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Indexed/Abstracted in: BIOSIS Previews, Current Contents/Clinical Medicine, EMBASE, PubMed/MEDLINE, Science Citation Index Expanded (SciSearch), Scopus
Impact Factor 1,632
Online ISSN 1827-191X
Cohen J. D., Sahar G., Singer P., Nili M.*, Keslin J., Vidne B. A.*
From the Departments of General Intensive Care and *Cardiothoracic Surgery Rabin Medical Center, Beilinson Campus, Petach Tikva affiliated to the Sackler Faculty of Medicine, Tel Aviv University, Israel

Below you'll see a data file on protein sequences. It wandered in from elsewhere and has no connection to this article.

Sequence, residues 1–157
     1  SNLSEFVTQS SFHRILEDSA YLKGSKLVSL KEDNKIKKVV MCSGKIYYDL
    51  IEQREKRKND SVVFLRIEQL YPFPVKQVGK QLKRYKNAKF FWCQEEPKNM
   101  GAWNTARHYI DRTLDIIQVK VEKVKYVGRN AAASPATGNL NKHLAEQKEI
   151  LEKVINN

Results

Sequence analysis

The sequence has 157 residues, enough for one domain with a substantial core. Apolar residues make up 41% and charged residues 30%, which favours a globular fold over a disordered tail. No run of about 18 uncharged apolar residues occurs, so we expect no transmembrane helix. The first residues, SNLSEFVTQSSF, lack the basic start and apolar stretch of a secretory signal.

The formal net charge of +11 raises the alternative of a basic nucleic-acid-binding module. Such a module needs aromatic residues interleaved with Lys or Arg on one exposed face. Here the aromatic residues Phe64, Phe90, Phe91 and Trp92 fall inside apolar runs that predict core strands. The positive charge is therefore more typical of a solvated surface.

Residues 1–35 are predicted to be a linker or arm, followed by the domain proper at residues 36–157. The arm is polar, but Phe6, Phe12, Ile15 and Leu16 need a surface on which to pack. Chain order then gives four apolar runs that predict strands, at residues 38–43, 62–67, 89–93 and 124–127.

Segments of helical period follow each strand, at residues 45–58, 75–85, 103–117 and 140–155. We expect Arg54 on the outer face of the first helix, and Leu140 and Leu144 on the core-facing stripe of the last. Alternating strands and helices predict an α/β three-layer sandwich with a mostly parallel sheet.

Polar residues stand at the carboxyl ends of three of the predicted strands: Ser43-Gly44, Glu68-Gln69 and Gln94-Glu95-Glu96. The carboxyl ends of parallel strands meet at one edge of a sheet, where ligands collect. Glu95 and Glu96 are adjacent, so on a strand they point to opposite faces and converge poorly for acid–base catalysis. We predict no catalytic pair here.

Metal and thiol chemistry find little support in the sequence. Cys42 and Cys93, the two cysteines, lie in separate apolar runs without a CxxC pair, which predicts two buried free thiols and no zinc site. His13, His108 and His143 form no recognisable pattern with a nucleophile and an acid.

Massive spontaneous hemothorax is a very uncommon, life-threatening situation. Acute dissection and ruptured aorta can be one of the differential diagnoses, but usually the clinical feature is completely different, and very few patients have survived this event and received medical attention. Among other causes of spontaneous bleeding, some are extremely rare, demanding precise diagnosis and judicial and immediate intervention. We describe a patient who presented with a massive hemothorax. There was no immediately apparent cause. Emergent angiography revealed active bleeding from an extremely unusual source: aneurysmal dilatation of the internal thoracic artery.